“When Nothing Happens, There's Everything to Celebrate”
Nothing is everything. Because when nothing happens, there’s everything to celebrate. Together, we can keep kids safe.
Kidsafe Victoria is using National Kidsafe Day to launch a new community awareness campaign after 32 children – 1 every 11 days – died from preventable injuries in Victoria in 2020.
President of Kidsafe Victoria, Erica Edmands, said the multifaceted campaign was designed to highlight the world which Kidsafe Victoria aims to create – a world where nothing bad happens to kids – by reminding everyone of the little things they can do to help prevent unintentional injuries and death.
“The animated campaign demonstrates near misses with a number of common injury hazards for children – including driveways, button batteries, burns and scalds and backyard swimming pools – before a parent or carer steps in to help ensure nothing happens.”
Data from the Coroner’s Court of Victoria demonstrated that in Victoria alone last year, thirty-two children died from preventable injuries, with the majority of children under the age of five. Key causes of death included drowning, transport related incidents (children as passengers in cars, pedestrians, driveway runovers and operators or passengers on farm related vehicles), choking and fires.
Statistics from the Victorian Injury Surveillance Unit show a further 13,843 children aged 0-14 were admitted to Victorian hospitals due to unintentional injuries in 2020. Key causes of hospitalisation included falls, blunt force trauma, transport related incidents and burns.
“Not only did 32 families lose their children to preventable injuries last year, but thousands more were forever impacted by injuries that will affect them for the rest of their lives.”
“With 30,000 first time parents every single year in Victoria, the ‘Nothing is Everything’ campaign will play an important role in building awareness about the common causes of preventable injury and death, and the need to continually ensure children are safe in and around their homes”, said Ms Edmands.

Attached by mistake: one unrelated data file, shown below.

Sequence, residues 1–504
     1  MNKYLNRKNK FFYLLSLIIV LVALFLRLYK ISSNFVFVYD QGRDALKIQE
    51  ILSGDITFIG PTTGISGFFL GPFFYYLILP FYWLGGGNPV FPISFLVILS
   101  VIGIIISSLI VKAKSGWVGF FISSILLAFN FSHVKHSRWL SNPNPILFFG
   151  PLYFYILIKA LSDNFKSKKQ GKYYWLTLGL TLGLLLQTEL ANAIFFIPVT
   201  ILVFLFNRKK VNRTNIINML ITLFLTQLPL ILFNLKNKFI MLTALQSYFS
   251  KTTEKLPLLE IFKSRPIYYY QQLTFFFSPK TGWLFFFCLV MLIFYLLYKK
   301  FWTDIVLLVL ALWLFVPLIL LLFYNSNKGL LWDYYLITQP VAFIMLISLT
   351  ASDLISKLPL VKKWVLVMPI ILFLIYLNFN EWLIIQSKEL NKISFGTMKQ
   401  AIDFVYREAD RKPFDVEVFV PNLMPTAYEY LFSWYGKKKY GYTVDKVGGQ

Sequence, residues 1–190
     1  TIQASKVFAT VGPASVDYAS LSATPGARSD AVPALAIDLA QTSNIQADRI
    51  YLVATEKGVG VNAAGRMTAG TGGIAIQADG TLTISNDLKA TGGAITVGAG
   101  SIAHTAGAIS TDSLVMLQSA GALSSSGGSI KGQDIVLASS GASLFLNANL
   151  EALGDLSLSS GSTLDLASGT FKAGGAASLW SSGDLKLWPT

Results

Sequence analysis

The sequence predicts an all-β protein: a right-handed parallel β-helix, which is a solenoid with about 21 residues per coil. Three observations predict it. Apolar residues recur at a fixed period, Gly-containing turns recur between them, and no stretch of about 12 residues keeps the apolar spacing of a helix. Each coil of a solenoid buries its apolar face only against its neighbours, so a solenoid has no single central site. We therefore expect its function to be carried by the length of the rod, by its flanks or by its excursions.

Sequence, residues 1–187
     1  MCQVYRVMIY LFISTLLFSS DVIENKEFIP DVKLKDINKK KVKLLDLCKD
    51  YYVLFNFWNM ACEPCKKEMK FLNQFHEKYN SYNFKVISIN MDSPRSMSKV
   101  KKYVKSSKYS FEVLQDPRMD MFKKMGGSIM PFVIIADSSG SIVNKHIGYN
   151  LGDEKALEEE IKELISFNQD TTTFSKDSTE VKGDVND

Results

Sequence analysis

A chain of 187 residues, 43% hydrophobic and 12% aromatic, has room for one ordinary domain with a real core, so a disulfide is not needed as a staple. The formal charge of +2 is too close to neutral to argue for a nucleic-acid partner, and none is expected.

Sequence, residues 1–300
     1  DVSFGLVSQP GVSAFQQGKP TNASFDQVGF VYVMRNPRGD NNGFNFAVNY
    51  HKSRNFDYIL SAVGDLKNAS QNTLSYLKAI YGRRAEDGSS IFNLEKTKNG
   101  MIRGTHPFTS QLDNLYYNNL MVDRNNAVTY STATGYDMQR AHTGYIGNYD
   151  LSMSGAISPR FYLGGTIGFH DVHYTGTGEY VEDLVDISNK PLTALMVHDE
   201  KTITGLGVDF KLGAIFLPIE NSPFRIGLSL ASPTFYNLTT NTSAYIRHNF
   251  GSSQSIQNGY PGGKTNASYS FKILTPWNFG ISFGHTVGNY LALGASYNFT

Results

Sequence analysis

Pauline Richards, Victorian MP, said that the Victorian State Government was proud to support Kidsafe Victoria with funding of $99,050 for both the rollout of the ‘Nothing is Everything’ campaign, and the provision of specific resources for Aboriginal and Torres Strait Islander communities.
Ash Napolitano and Matt Boyle, whose 2 year-old son Hunter tragically drowned in a dam on his grandfather’s property in August 2020, welcomed the launch of Kidsafe Victoria’s new campaign.
“Tragedy can happen in just a split second and change your life forever. We miss Hunter so much and don’t want any family to have to experience what is our new reality every single day,” said Ms Napolitano.
Background on Nothing is Everything – community awareness safety campaign
Last year 32 Victorian children died from an unintentional and preventable injury. That’s almost one child every 11 days. Kidsafe Victoria’s latest campaign highlights the world they’re trying to create – a world where nothing bad happens to kids – by reminding everyone of the little things they can do to help prevent accidental injury.
Because when nothing happens, children aren’t admitted to hospital due to serious injury. When nothing happens, children don’t have to live with the lasting impacts from preventable injuries. When nothing happens, parents don’t have to deal with a lifetime of loss. Quite simply, when it comes to our children, when nothing happens, there’s everything to celebrate.
The campaign was developed pro bono in collaboration with creative agency Us+Us, whose founder Jim Ritchie previously worked with Kidsafe Victoria to develop the ‘Unconventional Oven’ campaign with celebrity chef Matt Moran.
Background on Hunter Boyle drowning incident:
On 12 August 2020, Ash Napolitano and Matt Boyle lost their beautiful 2-year-old boy, Hunter. Tragically, he drowned in a Grahamvale dam while visiting his Grandfather’s farm. He was feeding the horses, when in an instant he went missing and was found unresponsive in the water a short time later.
Hunter was rushed to Goulburn Valley Health in Shepparton where doctors, nurses and members of The Royal Children’s Hospital PIPER Unit spent close to seven hours fighting to save his life. Devastatingly, Hunter couldn’t be saved.
We acknowledge the Traditional Owners of country throughout Australia and recognise their continuing connection to land, waters and culture. We pay our respects to their Elders past, present and emerging.